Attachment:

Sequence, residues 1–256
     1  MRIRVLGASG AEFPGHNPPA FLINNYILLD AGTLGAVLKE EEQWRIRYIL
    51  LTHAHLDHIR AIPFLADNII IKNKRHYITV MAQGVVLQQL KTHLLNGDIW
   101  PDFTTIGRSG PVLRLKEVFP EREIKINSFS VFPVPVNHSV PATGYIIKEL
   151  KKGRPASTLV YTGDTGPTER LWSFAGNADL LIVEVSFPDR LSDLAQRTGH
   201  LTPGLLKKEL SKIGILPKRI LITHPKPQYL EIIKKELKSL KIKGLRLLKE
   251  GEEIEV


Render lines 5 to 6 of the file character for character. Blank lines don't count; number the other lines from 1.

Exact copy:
   151  KKGRPASTLV YTGDTGPTER LWSFAGNADL LIVEVSFPDR LSDLAQRTGH
   201  LTPGLLKKEL SKIGILPKRI LITHPKPQYL EIIKKELKSL KIKGLRLLKE